|See you at the Falmouth Road Race start line tomorrow!|
Preparing for a big race (or your first race!) can be very stressful. Here are a few things you can do during your training and leading up to race morning to minimize that stress and help you arrive at the start line with confidence and ease.
Practice pre-run meals.
Training is the time to experiment with your food choices. Before your long runs, simulate race morning. If your race starts at 8am, plan to run around 8am. How early do you need to eat before you run? What do you eat before your run? Can you drink coffee before you run? If you are staying in a hotel the night before a race, see what the hotel has to offer in terms of breakfast (and how early breakfast opens up) and plan ahead if you need to bring your own meal. Find out what works best for you and then continue to practice the same habits during training and then again on race morning.
Determine your race nutrition and fueling strategies.
Almost as important as your pre-run meal is the fuel you take during your runs. If you are training for a 5k and possibly even a 10k, you won’t have to worry about fueling during your race. If you are training for a half marathon or full marathon, this is a very important concept.
· Step 1: Do your research.
Find our what companies are sponsoring the race. Is it Gatorade? GU? Clif Bar? Honey Stinger? You have 2 options – either train with what will be out on the course on race morning or bring your own. Trying something new could lead to porta-potty stops mid-race. Eek!
· Step 2: Read labels.
Check the serving size. I love GU Chomps (strawberry is my favorite!) and there are 2 servings per package. It’s perfect for a half marathon because I fuel twice: mile 3 and mile 8. In a marathon, I’ll bring 2 packages. My dad tried the GU Chomps once and said they made his stomach a little queasy. Guess what—he used the whole package at once! Silly dad. Also check the caffeine count on the labels. Some have no caffeine, some have 2x caffeine. Caffeine can affect your performance in a positive or negative way. Again, see what works best for you and stick with it.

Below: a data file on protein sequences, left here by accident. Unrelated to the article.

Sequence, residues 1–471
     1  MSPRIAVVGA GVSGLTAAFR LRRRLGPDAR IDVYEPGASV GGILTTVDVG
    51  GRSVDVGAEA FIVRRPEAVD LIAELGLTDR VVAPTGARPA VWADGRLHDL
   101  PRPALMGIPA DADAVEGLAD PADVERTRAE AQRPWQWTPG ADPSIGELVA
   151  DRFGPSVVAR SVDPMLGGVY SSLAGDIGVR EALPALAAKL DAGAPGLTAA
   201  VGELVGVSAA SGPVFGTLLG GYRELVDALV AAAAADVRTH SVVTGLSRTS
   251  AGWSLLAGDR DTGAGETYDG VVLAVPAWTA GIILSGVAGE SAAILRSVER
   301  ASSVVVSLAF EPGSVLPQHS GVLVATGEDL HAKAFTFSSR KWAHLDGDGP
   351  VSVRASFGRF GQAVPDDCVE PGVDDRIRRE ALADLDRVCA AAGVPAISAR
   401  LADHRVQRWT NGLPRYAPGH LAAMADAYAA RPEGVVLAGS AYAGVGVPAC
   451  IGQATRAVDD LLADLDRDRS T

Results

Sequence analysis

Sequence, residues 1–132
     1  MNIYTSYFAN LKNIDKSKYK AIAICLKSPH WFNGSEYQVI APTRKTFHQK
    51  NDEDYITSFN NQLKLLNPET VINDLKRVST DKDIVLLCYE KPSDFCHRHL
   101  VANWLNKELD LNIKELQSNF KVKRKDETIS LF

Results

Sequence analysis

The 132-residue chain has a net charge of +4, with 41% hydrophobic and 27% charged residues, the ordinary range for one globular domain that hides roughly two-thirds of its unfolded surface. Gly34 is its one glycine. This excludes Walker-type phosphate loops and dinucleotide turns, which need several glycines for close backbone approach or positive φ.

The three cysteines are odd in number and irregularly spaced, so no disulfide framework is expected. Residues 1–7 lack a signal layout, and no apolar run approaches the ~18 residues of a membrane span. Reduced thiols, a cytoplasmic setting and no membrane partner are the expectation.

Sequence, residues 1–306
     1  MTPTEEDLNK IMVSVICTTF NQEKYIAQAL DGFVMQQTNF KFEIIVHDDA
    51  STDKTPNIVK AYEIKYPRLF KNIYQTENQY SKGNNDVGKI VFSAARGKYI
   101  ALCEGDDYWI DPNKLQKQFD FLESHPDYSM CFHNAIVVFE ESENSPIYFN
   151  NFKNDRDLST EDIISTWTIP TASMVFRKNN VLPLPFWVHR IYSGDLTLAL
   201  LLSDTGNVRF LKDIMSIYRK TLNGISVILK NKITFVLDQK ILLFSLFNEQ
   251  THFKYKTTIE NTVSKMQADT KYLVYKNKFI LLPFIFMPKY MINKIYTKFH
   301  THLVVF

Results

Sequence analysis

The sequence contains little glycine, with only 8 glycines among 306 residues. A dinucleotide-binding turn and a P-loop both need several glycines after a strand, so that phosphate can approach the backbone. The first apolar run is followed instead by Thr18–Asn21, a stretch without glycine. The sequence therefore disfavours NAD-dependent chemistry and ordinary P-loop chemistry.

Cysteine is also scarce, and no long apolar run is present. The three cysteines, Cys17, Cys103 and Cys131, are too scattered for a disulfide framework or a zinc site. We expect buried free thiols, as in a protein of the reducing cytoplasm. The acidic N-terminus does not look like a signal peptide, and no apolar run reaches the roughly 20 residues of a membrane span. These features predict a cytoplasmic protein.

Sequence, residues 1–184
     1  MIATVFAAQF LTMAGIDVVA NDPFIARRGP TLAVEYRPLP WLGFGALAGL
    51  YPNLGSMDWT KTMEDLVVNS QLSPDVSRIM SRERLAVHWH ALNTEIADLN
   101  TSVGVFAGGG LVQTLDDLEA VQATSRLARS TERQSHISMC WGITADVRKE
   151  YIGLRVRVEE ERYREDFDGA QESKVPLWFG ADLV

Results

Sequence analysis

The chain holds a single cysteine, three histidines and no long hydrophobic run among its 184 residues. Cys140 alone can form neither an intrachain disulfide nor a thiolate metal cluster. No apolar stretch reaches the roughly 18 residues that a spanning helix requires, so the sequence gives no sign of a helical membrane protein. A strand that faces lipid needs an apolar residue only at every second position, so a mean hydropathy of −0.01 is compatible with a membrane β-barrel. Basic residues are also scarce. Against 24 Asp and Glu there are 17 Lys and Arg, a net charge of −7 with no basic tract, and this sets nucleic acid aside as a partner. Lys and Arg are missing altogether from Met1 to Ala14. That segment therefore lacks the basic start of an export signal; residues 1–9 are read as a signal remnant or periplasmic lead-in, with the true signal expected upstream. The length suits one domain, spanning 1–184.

· Step 3: Figure out when you need fuel.
I have always stuck with the theory on the GU packages: 15 before every 45. I start at mile 3, then every 5 miles after that. It takes about 15 minutes for your body to start feeling the effects of your fuel so don’t wait until it’s too late. Plan ahead to keep your body and your muscles happy.
Don’t rely on expo for new gear or race nutrition.
Race expos can be fun. Big races have a lot of different vendors giving away free stuff and sampling products but don’t rely on the expo for your race day essentials. What if you were planning to buy your race fuel and the expo and they are sold out? Minimize the stress and come prepared. Plus you’ll spend way more time on your feet walking around trying to find what you need when you should be resting for the big day! It’s also never a good idea to buy new shoes or gear right before a race (see my next topic) so you can skip over those over-priced merchandise booths and head to your local running store for all your running needs.